6. Smart machines
While mobile personal assistants are a great way of illustrating contextually aware technology, they only scratch the surface of smart machine technologies.
Smart machines are contextually aware sure, but they can also adapt to and learn from their surroundings autonomously.
Perhaps the most obvious example of this is autonomous motoring. That’s still a good few years away from being something that general members of the public can experience though.
Much closer to the present are businesses that are already using smart machines. Perhaps the most visible example is mining giant Rio Tinto, which uses autonomous self-moving trucks in its Australian operations.
In the future though, we’ll probably see imperceptibly small smart machines capable of adapting to their environments and talking to each other, with the earliest examples of this technology still in the research phase.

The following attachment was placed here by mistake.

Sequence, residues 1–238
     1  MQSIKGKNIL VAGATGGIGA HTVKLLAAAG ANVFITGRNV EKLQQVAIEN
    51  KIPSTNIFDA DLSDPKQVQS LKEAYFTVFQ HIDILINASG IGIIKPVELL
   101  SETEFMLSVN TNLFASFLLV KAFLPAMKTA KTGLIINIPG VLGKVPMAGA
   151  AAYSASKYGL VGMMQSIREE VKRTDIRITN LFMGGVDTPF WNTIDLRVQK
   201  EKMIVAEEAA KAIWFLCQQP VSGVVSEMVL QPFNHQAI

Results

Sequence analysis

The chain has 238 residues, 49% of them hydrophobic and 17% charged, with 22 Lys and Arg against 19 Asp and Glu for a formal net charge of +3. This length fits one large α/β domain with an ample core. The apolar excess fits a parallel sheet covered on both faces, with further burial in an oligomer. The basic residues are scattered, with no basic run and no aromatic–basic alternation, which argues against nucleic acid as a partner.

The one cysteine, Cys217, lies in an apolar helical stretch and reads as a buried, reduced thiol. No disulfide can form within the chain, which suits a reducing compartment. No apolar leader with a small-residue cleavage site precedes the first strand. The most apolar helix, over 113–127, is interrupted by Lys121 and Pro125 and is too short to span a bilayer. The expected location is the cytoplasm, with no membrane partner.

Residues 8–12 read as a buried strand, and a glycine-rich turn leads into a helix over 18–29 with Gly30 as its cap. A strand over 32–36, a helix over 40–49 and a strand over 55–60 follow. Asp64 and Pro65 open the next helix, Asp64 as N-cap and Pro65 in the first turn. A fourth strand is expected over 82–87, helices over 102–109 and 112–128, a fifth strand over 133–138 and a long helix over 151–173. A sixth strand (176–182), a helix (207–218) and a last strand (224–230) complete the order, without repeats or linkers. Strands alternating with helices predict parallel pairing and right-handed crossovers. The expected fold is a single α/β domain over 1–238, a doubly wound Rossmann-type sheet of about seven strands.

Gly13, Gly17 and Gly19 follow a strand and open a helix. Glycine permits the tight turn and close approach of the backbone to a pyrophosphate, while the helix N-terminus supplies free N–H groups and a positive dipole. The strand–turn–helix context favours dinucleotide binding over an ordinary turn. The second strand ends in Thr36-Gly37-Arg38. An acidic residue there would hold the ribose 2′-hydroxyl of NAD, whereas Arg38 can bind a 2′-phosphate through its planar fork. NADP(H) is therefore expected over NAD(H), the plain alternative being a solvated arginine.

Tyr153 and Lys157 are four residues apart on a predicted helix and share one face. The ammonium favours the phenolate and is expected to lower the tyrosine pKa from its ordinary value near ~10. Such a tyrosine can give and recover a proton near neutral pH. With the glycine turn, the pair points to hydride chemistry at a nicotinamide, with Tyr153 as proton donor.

The new tech reality emerges
7. Cloud/Client Architecture
The convergence of cloud and mobile computing will continue to promote the growth of centrally coordinated applications that can be delivered to any device.
“Cloud is the new style of elastically scalable, self-service computing and both internal applications and external applications will be built on this new style,” says Cearley.
“While network and bandwidth costs may continue to favour apps that use the intelligence and storage of the client device effectively, co-ordination and management will be based in the cloud.”